22. Every great story includes transformation. The characters change, the world changes, and hopefully, the reader will change too.
23. Aim for a story that is both surprising and satisfying. The only thing worse than reading a novel and feeling like you know exactly what’s going to happen is reading a novel and feeling unfulfilled at the end — like what happened wasn’t what was supposed to happen. Your readers invest themselves in your story. They deserve an emotional and intellectual payoff.
24. Focus on building tension, then give it a snap.
25. Enrich your main plot with subplots. In real life, there’s a lot happening at once. While the characters are all trying to get rescued from the aliens, romances are brewing, traitors are stewing, and friendships are forged.
26. There is a difference between a sub-plot and a tangent. Don’t go off on too many tangents. It’s okay to explore various branches of your story when you’re working through the first or second draft, but eventually, you have to pare it down to its core.
27. If you write in a genre, don’t be afraid to blur the lines. A drama can have funny moments and a thriller can have a bit of romance.
28. Make sure your setting is vivid and realistic even if you made it up.
29. If you didn’t make up your setting, then do your best to get to the location and see it for yourself before you finish your manuscript. If that’s not possible, get busy researching.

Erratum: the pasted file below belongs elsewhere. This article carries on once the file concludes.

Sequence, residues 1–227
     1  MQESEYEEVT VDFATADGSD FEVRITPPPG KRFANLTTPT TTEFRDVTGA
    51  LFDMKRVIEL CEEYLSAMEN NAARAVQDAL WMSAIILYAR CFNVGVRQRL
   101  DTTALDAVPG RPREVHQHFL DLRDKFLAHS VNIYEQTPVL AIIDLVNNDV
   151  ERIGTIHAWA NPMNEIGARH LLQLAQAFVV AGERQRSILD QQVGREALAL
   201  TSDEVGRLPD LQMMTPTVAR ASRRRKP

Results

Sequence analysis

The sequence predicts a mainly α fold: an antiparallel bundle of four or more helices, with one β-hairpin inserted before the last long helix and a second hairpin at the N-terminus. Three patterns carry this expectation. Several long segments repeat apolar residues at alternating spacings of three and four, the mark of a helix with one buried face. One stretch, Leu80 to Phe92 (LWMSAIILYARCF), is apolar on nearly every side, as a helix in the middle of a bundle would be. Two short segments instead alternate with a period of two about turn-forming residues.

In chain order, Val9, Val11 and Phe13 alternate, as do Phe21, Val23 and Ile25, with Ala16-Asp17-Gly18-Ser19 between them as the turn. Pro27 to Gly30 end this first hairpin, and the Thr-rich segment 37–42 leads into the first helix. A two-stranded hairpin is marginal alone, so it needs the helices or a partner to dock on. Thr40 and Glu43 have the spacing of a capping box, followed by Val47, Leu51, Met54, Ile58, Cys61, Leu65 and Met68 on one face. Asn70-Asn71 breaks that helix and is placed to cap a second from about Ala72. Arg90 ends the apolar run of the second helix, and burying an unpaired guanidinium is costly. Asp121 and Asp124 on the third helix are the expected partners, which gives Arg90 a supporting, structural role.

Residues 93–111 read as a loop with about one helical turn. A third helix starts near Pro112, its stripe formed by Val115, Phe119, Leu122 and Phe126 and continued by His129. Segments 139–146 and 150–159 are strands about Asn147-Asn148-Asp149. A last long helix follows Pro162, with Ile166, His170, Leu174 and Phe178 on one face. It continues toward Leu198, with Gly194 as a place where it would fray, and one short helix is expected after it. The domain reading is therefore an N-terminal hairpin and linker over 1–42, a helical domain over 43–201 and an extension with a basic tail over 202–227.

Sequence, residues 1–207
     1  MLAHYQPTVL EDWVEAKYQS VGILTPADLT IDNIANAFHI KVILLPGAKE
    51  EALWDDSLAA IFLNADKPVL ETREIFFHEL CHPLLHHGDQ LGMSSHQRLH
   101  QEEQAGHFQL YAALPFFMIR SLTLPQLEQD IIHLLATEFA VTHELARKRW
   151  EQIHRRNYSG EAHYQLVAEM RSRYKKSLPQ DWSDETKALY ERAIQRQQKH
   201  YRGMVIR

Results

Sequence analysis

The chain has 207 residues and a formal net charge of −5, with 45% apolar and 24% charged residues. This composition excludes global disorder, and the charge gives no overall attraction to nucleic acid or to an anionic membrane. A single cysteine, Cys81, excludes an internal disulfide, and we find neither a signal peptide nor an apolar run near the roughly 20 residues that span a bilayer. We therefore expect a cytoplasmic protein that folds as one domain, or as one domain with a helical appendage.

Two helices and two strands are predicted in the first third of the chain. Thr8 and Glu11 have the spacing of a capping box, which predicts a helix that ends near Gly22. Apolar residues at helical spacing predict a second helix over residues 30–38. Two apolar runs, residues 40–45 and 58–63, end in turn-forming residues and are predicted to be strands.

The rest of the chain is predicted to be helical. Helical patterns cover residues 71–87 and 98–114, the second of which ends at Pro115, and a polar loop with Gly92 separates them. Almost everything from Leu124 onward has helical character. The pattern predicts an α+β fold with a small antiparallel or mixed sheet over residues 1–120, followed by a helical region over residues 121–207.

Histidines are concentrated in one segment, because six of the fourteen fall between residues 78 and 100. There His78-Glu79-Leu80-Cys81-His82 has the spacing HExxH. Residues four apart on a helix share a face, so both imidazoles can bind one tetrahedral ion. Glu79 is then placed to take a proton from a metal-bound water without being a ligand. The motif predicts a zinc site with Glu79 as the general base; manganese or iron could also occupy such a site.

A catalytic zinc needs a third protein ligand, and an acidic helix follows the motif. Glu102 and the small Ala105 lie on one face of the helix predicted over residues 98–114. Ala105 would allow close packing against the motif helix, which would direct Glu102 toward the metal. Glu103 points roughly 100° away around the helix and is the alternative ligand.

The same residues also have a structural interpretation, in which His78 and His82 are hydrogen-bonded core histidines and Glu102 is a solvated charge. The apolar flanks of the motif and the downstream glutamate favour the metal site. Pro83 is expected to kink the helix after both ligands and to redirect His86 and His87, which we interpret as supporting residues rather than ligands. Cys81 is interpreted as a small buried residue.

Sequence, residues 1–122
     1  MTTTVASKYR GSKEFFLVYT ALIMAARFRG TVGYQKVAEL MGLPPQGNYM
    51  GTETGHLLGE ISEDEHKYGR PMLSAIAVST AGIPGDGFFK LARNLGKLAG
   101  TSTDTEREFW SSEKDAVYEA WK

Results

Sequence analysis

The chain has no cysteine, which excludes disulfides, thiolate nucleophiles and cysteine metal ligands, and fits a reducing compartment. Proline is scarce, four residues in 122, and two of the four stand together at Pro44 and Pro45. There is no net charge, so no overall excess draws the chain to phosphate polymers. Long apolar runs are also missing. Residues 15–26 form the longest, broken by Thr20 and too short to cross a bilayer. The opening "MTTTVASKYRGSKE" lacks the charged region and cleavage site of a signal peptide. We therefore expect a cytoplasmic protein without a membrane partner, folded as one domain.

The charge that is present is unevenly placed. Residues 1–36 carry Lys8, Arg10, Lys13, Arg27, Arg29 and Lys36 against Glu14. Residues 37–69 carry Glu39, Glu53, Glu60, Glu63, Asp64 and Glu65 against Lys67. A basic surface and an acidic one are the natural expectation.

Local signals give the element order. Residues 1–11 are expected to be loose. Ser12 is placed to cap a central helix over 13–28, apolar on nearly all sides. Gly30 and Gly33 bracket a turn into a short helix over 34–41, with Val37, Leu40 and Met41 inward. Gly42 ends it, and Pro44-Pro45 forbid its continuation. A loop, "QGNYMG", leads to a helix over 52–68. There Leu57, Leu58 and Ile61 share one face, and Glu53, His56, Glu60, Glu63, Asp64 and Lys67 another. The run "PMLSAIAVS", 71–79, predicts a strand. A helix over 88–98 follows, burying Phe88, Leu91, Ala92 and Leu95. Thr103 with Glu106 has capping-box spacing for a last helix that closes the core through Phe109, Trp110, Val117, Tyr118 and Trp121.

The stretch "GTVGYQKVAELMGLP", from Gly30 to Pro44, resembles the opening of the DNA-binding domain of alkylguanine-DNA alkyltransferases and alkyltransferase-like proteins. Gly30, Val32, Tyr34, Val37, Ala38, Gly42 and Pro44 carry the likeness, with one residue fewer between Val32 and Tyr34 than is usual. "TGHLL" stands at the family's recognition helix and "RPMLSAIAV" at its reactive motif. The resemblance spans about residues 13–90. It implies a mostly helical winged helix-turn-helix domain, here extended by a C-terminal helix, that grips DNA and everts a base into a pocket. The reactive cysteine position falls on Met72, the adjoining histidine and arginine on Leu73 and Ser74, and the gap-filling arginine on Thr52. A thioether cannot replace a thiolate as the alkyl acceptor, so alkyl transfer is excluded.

30. Don’t underestimate your readers. Assume they are as smart (or smarter) than you are.
31. Give the readers room to think. You don’t have to tell your story in minute detail, including each minute of the plot’s timeline or all of the characters’ thoughts. Provide enough dots, and trust that the reader will have fun connecting them.
32. Let the readers use their imaginations. Provide a few choice details and let the readers fill in the rest of the canvas with their own colors.
33. Don’t focus exclusively on storytelling at the expense of crafting compelling language.
34. Appeal to readers’ senses. Use descriptive words that engage the readers’ senses of taste, touch, and smell.
35. Apply poetry techniques to breathe life into your prose. Use alliteration, onomatopoeia, metaphor, and other literary devices to make your sentences sing and dance.
36. When rewriting, check for the following: plot holes, character inconsistencies, missing scenes, extraneous scenes, accuracy in research, and of course, grammar, spelling, and punctuation.
37. As you revise, ask yourself whether every paragraph, sentence, and word is essential to your story. If it’s not, you know where the delete button is.
38. Proofread carefully for grammar, spelling, and punctuation. The fewer typos in your final draft, the better.
39. Before your final revisions and before you send your manuscript out to any agents or editors, find your beta readers: join a writing group, take a fiction workshop, or hire a pro.
40. Do not send out your rough draft. Go through the rewriting process at least three times before handing it out to your beta readers. The stronger it is when you bring in editors, the stronger those editors will be able to make it.
41. Collect and use these and other writing tips in a file or in your notebook. When something about your story doesn’t feel quite right or if you sense there’s something missing, your notes and other resources might provide you with a solution.
42. Have fun. If you’re not enjoying writing, then maybe it’s not for you. If you’re not enjoying fiction writing, try something else like poetry, blogging, or screenwriting. Be open and you’ll find your way.
Did you find these writing tips helpful? Got any tips to add? Leave a comment!